The political situation of independence was reflected in the theater, in which dramas by African authors multiplied, inserting local traditions into typical European structures. One of the most outstanding authors was the Nigerian Wole Soyinka, who produced in English.
Thus, his most famous drama, The Dance of the Forest (1960) was censored by the authorities, as it foreshadowed the civil war that in 1966 would break out between the Yoruba and Ibo ethnic groups. Similarly, another of his famous dramas was what is known as, The Lion and the Pearl (1963), set in rural Nigeria.
The current development of African theater
Since independence in 1980, Zimbabwe has become a thriving center of pan-African experimentation, exchange and collaboration. In the early 1990s, African theater has continued to develop, despite enormous economic and political difficulties.
Who are the representatives of African theater?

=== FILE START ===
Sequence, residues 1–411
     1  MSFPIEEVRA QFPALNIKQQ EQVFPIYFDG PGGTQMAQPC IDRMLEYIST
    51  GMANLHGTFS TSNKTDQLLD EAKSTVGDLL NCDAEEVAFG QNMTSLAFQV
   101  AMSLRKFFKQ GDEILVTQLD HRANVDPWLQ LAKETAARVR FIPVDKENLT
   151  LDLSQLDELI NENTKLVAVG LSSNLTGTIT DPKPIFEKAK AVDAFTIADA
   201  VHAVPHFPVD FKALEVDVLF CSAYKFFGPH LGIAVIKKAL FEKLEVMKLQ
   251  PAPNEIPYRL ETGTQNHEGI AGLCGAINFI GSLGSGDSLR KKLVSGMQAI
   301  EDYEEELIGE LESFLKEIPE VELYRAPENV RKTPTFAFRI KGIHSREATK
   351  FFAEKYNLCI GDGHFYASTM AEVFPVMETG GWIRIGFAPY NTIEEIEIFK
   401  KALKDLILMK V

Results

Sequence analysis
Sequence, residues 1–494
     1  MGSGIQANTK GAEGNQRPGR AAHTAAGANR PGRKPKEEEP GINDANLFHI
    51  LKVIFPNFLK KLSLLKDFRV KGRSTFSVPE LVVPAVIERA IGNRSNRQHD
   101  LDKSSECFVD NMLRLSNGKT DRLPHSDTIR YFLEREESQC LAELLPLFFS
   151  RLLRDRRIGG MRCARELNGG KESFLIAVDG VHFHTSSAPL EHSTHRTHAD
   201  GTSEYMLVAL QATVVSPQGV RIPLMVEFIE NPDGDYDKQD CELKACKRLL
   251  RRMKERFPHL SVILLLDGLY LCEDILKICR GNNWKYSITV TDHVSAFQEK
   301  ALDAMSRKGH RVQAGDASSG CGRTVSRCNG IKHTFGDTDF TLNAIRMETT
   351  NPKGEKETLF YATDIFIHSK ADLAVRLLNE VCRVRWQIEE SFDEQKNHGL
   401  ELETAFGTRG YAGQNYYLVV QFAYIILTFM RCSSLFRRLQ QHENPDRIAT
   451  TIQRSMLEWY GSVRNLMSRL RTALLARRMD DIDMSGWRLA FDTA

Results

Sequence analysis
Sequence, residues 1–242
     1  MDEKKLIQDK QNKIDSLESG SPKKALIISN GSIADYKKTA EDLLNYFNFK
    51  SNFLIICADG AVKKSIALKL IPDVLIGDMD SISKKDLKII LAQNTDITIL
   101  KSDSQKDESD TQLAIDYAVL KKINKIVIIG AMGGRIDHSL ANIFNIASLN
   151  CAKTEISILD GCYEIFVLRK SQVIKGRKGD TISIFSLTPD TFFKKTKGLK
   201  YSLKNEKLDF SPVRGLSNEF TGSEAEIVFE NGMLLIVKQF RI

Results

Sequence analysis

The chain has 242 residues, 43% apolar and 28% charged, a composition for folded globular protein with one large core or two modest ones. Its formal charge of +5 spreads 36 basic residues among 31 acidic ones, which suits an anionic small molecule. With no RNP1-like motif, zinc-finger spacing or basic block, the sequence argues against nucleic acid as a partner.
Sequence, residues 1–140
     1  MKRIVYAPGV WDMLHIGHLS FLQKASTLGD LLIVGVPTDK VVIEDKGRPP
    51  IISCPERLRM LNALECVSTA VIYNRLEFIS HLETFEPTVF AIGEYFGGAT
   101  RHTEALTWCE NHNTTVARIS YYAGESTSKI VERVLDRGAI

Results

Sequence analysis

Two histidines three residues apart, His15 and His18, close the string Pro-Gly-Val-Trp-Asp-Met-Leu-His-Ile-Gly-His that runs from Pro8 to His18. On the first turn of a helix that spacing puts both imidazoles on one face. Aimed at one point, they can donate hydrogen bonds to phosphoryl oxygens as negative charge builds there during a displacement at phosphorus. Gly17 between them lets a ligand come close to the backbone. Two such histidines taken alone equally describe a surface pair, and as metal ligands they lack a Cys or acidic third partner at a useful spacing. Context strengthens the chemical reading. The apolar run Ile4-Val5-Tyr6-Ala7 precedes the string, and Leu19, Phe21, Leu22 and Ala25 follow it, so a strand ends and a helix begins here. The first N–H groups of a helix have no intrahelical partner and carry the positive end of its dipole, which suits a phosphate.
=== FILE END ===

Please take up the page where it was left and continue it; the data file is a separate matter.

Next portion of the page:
Women in African theater have had an active participation in all areas of the theatrical craft, from their roles as dancers, singers or troubadours, to their role as writers, directors and the modernization they represent, they show how valuable is the weight they play within the theater and society in general.
In Africa, theater is a social phenomenon that is difficult to delimit and distinguish from other disciplines. Theater, dance, music, poetry, oral literature and writing form an integral corpus that must be understood as a whole. Their functions within the religion or in different practices within the community represent not only a means for political expression, but also a vehicle for the survival of tradition.